Though the ancient time zone in Dinesh Vijan’s ‘Raabta’, lasts only 20 minutes, writers Siddharth-Garima wanted to ensure that it had a primitive vibe to it. They created a new dialect of Hindi, a mix of Khari boli, Awadhi and Brij.
“We wanted to give it an ancient touch. The script will be Devanagari. We researched on local dialects from Central India. No amount of look will sound convincing if the characters from 3,000 years ago speak colloquial language.
We went through Kabir’s dohas, which helped a lot. Rajkummar Rao plays a king in the film and makes a massive prophecy. That particular line had to be understandable and yet, archaic. In this language, there are hints of Urdu and Hindustani too. We didn’t name it anything but it was a delight doing this,” Garima says.
Despite integrating elements from other languages and creating a new one, they had to make different people in that time period speak differently too. “Since we didn’t have to focus so much on the written word, we didn’t really have to see the language in writing. It will be a calligraphic version of Devanagari,” chips in Siddharth.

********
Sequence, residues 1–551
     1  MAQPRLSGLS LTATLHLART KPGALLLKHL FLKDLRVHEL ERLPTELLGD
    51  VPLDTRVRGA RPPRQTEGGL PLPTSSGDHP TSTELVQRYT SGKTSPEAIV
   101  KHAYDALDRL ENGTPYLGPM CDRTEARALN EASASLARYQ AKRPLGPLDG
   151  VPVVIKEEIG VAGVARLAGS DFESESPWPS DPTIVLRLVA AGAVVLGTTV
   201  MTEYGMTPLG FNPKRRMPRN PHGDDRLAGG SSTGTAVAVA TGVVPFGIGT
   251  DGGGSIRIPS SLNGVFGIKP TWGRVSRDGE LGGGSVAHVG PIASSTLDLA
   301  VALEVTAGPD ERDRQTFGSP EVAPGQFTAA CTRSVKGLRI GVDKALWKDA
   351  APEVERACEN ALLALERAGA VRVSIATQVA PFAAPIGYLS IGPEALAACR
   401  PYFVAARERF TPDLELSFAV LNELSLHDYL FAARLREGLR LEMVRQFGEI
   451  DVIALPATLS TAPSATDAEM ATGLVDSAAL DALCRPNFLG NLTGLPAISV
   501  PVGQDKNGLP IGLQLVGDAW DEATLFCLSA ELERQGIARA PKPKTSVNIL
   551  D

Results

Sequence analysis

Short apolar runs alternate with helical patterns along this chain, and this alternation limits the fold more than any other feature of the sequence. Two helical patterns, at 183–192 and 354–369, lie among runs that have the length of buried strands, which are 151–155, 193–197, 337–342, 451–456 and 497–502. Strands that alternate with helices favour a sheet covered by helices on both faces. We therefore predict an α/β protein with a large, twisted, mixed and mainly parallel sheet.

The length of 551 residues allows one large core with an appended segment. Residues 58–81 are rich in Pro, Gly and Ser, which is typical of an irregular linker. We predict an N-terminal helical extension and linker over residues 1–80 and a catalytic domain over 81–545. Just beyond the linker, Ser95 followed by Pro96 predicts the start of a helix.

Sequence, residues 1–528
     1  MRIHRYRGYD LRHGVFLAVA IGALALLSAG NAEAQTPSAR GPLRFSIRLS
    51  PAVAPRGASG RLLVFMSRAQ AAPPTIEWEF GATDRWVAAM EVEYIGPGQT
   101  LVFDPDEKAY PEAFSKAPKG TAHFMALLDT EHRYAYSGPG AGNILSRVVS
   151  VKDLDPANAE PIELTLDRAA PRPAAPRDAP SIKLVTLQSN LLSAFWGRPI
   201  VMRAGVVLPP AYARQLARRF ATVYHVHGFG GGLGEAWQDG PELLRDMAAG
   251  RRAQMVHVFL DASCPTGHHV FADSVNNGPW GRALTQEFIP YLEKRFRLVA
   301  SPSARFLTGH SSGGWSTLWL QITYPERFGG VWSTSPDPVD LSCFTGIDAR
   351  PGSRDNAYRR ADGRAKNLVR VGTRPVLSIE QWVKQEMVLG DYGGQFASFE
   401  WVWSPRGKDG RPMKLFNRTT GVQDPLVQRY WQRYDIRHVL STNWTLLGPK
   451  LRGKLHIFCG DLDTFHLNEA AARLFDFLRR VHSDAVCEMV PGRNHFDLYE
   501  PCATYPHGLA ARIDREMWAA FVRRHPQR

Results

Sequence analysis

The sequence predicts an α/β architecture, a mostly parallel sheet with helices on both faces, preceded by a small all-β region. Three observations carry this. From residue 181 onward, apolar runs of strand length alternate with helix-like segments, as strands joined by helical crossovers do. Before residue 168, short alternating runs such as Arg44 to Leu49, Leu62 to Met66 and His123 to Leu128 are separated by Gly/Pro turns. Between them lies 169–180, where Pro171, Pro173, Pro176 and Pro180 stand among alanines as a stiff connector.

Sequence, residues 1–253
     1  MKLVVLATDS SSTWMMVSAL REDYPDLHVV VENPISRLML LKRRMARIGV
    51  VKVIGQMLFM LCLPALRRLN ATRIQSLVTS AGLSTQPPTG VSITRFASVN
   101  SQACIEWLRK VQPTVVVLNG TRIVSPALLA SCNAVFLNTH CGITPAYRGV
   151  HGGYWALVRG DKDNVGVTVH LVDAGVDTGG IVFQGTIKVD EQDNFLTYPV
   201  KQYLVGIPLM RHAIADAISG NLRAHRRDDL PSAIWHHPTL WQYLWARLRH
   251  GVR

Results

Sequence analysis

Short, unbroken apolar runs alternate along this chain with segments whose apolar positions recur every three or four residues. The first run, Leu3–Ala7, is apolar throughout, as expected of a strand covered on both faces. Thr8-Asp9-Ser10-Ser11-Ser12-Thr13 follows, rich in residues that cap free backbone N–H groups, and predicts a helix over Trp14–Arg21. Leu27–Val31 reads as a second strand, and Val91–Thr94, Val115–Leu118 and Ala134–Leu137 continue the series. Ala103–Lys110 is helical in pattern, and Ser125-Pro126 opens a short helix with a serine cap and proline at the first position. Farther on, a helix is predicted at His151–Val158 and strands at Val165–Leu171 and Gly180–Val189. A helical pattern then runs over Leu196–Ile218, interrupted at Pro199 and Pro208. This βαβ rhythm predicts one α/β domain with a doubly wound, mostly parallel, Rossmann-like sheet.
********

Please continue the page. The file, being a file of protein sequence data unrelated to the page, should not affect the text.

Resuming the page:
Ask them if there will be subtitles for the new language and Garima says, “We might. We obviously don’t expect the audience to understand everything. When we spoke to Dinesh about this, he suggested we have subtitles.”
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